Looking through some old notes of mine, I found the following suggestions for a Gothic book club. Of course, this is just the beginning...
Austen, Jane. Northanger Abbey (1817). The Scream of Gothic novels, in which the characters are aware of all the Gothic conventions even as the heroine lives out, well, something of a Gothic scenario. Light and fluffy, excellent to read after a few heavier works.
Lamb, Caroline. Glenarvon (1816). Often described as "unreadable," but I sped through it in a few days. Apparently, even the trashy novels of previous centuries were on the average better-written than the trashy novels of today.
Le Fanu, J. Sheridan. Uncle Silas (1865). I just can't recommend this book, which I've often described as "the Gone With the Wind of Gothic literature," highly enough. Go read it right now! Also, the Dover collection Green Tea and Other Stories contains most of his classic short stories, with the sad exception of "Schalken the Painter."
Poe, Edgar Allan. Not my fave: I tend to think that Poe's excesses are exactly what people mistakenly think Romanticism's all about. But I do have a soft spot for his "demon woman" stories, especially the one-of-a-kind "Berenice" (1835), which is available in most collections.
Radcliffe, Ann. The Italian. (1797) Even though The Mysteries of Udolpho is the most famous of her works, and the one you need to read to get the jokes in Northanger Abbey, I more highly recommend this novel as a starting point. If you enjoy it, then by all means, read Udolpho as well.
Richardson, Samuel. Clarissa (1748). Not, strictly speaking, a Gothic, but with its innocent heroine, seductive, Satanic anti-hero and intense claustrophobia, definitely a forerunner. If the Austen canon makes you flinch, you're unlikely to get through this books' 1000-some pages. If not, and you're willing to be swept away, it's one of the greats. However, don't try to read a condensed version. The much shorter version is also much more boring, one of literature's strange paradoxes.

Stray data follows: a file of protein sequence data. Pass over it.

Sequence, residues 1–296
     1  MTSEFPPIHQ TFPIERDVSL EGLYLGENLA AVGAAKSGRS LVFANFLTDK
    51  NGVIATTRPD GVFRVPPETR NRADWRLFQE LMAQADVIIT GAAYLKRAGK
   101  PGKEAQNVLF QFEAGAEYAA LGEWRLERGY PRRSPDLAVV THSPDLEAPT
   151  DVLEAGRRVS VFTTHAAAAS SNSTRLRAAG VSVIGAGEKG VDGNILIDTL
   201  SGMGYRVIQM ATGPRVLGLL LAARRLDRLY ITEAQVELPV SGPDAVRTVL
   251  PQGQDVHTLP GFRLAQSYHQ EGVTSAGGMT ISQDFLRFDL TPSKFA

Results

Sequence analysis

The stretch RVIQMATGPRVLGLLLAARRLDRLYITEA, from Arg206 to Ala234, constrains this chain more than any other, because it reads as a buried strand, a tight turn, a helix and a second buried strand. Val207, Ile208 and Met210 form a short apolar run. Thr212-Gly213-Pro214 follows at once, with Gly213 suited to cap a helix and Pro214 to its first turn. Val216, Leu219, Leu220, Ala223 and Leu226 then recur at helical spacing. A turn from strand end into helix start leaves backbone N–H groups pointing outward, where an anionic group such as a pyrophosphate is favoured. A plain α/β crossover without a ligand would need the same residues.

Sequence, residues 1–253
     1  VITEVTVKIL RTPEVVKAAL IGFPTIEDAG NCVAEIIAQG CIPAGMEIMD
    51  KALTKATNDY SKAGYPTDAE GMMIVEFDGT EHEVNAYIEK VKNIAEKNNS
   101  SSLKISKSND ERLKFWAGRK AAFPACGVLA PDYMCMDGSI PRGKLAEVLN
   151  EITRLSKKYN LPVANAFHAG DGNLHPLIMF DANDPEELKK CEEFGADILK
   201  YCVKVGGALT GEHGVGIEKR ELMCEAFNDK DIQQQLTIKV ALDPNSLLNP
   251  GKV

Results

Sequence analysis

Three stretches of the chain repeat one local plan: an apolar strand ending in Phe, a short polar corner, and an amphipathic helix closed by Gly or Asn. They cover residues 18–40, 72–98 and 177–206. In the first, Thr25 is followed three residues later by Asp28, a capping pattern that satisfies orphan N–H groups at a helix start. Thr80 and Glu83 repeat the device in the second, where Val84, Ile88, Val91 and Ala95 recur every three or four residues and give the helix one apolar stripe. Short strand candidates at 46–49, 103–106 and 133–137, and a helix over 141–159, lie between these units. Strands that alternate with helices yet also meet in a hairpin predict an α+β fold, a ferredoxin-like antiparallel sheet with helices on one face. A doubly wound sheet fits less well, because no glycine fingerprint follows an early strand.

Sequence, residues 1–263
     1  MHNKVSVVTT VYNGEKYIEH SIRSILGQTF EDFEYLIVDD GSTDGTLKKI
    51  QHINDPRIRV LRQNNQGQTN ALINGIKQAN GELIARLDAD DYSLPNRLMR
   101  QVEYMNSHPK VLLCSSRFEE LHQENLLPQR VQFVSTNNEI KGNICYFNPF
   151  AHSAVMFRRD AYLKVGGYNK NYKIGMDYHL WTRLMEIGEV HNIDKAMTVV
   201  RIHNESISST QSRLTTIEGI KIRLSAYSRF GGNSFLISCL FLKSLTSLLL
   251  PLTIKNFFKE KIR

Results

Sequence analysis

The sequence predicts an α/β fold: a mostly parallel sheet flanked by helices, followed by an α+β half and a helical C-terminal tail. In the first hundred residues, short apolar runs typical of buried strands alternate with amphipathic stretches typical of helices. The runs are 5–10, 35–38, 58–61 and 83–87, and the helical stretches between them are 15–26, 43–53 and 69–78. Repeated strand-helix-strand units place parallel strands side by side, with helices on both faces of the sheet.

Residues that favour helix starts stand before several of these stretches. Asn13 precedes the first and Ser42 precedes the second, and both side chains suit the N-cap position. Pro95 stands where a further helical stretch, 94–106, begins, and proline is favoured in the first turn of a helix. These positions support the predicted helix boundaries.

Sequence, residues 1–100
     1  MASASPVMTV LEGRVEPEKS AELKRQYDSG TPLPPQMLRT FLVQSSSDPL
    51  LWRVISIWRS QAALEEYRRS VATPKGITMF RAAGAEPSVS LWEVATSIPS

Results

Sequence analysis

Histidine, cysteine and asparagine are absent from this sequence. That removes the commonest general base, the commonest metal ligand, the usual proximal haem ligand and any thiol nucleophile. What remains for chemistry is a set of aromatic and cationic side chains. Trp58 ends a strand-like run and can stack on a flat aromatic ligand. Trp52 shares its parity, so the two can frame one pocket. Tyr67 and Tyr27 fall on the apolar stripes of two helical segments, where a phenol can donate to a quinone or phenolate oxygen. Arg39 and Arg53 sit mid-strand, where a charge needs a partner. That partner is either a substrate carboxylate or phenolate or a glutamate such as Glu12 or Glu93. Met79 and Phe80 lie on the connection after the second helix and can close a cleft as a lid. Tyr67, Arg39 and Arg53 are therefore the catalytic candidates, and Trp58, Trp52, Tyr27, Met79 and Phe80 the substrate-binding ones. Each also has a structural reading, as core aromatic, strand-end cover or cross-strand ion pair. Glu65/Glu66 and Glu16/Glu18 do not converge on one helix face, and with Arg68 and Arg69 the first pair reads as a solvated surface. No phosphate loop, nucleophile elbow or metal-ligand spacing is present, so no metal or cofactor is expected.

Rymer, James Malcom. Varney the Vampire (1845). No one will ever mistake this for great literature, but heck, I've read Dean Koontz's best-selling Shadows, and if that book's clunky dialogue, unrealistic situations and inane digressions don't trouble modern readers, neither should Varney's. It's also interesting in that its core of character relationships--innocent young woman attacked in her bedroom, with a diverse group of men who vow to protect her and track down the monster--is a precursor to the similar dynamic in Dracula. Even more interesting, the familiar relationship of suave, well-dressed, aristocratic vampire in love with his prospective victim--later seen in Dark Shadows and the non-faithful adaptations of Dracula in the 1970s and the 1990s--seems to have started with this book.
Stoker, Bram. Dracula (1897). Of all the vampire books ever written, there's a reason why this is the big daddy. Its prosaic obsession with the latest technology grounds it in modern literary realism, and that contrast makes the breath-taking eroticism of the vampire attacks stand out all the more.